I was in grade five when the space shuttle Challenger exploded during launch, killing the seven on board. We were outside playing in the playground at St. Pius X primary school during lunch break when a classmate who had been home for some reason ran up to our group to share the news. I remember Peter telling me that the space shuttle had crashed and I remember replying with a "no way!".
Being eleven years old, I was well old enough to follow this event. I remember seeing the photographs in the next day's Toronto Star and watching the coverage on television. I felt horrible for the seven on board, particularly Christa McAuliffe, the first teacher to fly in space. Her presence made it all the more devastating to me.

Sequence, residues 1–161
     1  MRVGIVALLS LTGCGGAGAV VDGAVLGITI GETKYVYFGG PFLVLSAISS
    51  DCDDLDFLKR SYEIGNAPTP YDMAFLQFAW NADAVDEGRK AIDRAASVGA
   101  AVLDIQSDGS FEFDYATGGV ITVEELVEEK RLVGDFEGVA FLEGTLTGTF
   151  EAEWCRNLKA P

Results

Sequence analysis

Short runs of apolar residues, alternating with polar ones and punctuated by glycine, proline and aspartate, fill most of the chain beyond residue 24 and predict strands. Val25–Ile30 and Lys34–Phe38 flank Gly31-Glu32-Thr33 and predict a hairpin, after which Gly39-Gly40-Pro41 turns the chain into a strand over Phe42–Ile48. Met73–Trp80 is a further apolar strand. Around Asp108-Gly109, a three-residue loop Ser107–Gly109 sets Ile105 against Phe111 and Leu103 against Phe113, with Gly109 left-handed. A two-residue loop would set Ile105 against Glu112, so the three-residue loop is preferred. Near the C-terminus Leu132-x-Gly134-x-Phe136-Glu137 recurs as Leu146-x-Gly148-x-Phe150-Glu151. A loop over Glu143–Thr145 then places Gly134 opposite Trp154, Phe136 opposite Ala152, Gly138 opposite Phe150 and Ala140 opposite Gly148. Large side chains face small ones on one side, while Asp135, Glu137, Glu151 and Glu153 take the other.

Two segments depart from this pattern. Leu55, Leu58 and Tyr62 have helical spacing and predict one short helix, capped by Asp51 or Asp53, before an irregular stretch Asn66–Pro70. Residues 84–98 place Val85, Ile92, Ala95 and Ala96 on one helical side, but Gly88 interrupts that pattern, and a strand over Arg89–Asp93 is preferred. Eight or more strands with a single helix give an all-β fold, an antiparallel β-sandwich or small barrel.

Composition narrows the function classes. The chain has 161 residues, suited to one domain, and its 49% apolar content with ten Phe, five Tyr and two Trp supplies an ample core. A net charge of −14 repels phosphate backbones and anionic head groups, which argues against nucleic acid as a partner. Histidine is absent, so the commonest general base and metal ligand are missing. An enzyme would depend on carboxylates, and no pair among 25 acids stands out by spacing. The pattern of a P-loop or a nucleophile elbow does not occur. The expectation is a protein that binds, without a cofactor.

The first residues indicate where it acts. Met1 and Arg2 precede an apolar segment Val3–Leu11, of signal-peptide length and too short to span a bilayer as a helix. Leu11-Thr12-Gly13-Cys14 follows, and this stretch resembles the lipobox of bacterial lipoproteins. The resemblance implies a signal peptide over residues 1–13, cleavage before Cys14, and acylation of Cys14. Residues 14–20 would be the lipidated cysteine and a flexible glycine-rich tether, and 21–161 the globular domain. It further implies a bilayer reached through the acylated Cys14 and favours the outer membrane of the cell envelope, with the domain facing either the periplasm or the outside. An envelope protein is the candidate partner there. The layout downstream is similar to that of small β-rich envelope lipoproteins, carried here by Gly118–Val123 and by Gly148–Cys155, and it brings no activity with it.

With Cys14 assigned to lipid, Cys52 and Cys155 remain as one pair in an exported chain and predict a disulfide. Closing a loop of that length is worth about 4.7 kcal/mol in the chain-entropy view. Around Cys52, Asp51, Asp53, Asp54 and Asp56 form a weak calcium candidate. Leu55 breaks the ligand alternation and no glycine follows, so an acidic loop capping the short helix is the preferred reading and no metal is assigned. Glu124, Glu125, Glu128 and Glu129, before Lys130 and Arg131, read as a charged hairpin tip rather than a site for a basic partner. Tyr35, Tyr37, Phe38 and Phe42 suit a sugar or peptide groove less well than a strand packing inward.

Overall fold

Over the next while, I remember periodically awakening in the middle of the night in a cold sweat. I was having the same nightmare over and over again and it was so traumatic I recall it as if I had it again last night. In this nightmare, I'm piloting a space shuttle. I'm 100% responsible for ensuring the safety of the flight and there are dozens and dozens of people on board. There's a moment in this dream when I realize we're going to crash, everyone will die and there's absolutely nothing I can do to prevent it. That powerless sensation haunted me. It's even difficult to write about, despite the fact I haven't had this dream in about 18 years.
My recurring space shuttle nightmare is just one of three recurring nightmares that I can recall having throughout my life. I'll explore the other two soon.